STRASBOURG | The parents of British girl Madeleine McCann, whose disappearance sparked international uproar 15 years ago, were dismissed by the European Court of Human Rights (ECHR) on Tuesday over a book written by a Portuguese policeman about them.
Gerald Patrick McCann and Kate Marie Healy filed an appeal in 2017 before the judicial body of the Council of Europe against Portugal. They believed that the statements of a former judicial police inspector in a book, about their alleged involvement in the disappearance of their three-year-old daughter, had damaged their reputation and their presumption of innocence.
Following the example of Portuguese justice, the ECHR considered that “even supposing that the reputation of the applicants has been damaged, it is not because of the thesis defended by the author of the book but because of the suspicions which had been issued against them” during a highly publicized investigation.
“It was information of which the public had become fully aware, even before (…) the publication of the book contentious”, insists the court, which therefore considers that the European Convention on Human Rights has not been violated by Portugal.
Maddie's parents said they were “understandably disappointed” with the decision, explaining in a statement that they did not want to defend their reputation but to protect the progress of the investigation.
They say they did not act in this way “only for one and the same reason”: the allegations exposed in the book “had a detrimental impact on Madeleine's research”.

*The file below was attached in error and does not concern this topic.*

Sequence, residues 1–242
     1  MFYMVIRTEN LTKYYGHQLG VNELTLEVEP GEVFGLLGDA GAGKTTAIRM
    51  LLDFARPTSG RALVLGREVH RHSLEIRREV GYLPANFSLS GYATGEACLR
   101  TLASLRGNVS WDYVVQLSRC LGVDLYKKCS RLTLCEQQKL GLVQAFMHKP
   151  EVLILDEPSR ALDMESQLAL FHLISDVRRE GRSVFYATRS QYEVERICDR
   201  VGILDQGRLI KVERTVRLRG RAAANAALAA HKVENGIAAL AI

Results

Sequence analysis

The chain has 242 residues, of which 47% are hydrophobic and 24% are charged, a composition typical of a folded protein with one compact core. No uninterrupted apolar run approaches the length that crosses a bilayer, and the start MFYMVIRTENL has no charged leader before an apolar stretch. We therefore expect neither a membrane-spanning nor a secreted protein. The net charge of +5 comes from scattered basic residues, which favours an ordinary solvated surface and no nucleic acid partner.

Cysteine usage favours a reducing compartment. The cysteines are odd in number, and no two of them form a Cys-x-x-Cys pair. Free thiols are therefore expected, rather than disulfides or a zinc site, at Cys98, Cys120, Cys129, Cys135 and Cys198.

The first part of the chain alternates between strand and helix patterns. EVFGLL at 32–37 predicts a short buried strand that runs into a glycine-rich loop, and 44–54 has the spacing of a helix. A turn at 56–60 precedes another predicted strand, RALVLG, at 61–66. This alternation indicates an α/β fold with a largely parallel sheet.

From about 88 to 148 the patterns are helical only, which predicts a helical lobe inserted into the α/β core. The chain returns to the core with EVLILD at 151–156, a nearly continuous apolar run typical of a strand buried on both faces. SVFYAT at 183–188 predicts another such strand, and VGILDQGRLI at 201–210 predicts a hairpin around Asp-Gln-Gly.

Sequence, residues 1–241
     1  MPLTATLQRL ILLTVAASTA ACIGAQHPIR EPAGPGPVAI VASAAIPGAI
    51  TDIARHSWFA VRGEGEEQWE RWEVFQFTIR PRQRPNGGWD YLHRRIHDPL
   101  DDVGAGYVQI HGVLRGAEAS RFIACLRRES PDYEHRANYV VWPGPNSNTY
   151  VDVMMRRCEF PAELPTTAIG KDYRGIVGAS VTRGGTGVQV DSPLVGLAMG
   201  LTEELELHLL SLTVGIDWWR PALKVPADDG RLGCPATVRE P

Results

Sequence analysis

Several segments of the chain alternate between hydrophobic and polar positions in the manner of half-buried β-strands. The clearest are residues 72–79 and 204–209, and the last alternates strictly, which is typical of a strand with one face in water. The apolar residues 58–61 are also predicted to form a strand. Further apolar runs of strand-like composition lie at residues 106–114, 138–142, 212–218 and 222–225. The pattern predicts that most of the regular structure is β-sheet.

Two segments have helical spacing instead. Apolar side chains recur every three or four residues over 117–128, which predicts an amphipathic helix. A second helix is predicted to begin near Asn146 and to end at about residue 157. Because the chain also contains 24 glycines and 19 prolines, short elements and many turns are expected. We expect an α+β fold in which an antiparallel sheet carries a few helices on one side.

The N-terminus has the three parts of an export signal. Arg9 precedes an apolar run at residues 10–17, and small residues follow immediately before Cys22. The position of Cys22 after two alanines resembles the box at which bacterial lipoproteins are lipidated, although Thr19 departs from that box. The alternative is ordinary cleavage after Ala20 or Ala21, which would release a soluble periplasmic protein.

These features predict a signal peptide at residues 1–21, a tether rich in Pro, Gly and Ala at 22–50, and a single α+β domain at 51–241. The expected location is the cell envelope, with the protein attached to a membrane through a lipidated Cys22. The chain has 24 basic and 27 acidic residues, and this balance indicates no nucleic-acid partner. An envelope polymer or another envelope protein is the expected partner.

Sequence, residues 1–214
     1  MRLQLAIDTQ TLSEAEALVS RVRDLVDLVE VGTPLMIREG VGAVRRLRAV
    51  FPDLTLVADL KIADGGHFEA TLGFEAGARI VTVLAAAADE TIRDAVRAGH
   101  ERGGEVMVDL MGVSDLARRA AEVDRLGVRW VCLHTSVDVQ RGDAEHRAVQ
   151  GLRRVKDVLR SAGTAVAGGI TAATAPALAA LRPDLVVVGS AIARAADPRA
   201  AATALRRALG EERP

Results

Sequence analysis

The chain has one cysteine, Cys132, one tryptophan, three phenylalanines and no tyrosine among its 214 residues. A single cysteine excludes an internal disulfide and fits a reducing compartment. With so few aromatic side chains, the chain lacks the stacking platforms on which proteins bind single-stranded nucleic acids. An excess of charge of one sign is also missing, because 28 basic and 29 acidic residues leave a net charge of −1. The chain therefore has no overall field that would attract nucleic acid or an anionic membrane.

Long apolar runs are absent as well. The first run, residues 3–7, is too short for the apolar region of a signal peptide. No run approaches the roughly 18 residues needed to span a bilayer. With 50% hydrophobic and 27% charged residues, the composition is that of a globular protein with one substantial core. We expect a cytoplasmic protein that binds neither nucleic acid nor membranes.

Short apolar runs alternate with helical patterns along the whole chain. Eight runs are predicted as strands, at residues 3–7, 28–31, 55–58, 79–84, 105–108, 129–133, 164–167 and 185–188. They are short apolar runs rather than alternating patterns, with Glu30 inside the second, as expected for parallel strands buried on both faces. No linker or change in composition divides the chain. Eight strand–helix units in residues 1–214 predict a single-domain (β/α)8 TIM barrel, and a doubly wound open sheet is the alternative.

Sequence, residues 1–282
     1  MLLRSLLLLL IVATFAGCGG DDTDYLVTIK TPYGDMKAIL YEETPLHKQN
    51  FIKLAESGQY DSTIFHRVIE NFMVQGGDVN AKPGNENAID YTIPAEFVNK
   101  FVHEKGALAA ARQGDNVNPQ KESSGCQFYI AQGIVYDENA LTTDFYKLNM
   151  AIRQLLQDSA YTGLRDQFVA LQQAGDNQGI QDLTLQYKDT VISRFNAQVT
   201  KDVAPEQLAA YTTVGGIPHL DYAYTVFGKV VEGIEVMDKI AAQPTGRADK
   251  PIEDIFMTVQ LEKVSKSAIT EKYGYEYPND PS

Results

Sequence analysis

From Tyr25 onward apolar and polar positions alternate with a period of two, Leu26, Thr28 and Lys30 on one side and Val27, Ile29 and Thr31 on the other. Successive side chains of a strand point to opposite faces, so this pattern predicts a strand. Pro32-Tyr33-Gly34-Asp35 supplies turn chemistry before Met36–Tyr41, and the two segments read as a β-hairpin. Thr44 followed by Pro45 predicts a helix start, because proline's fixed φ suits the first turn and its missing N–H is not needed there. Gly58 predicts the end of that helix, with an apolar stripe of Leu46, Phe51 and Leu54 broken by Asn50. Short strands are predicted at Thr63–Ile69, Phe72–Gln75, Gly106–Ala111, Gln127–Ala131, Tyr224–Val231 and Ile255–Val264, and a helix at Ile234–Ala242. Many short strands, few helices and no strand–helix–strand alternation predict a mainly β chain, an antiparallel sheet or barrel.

They also claim to have the support “of the public” who, according to them, do not doubt their innocence, and reaffirm their hope that the person or persons responsible for the disappearance of their daughter will be quickly found.
Madeleine McCann, known as Maddie, disappeared on May 3, 2007 shortly before her fourth birthday in Praia da Luz, a seaside resort in southern Portugal, where she was vacationing with her parents and a group of friends.
Her disappearance sparked an exceptional international campaign to try to find her. Photos of Maddie, with her bobbed light brown hair and large light eyes, have gone viral.
After 14 months of controversial investigations, including the indictment of parents before cleared, Portuguese police closed the case in 2008, before reopening the case five years later.
It took until June 2020 for the case to suddenly pick up speed , when the public prosecutor's office in Brunswick (Germany) announced that it had become certain that the girl was dead and that its suspicions related to a 43-year-old man, then in detention in Kiel, in the north of Germany, for another case . This suspect was indicted in April in Germany at the request of Portuguese justice.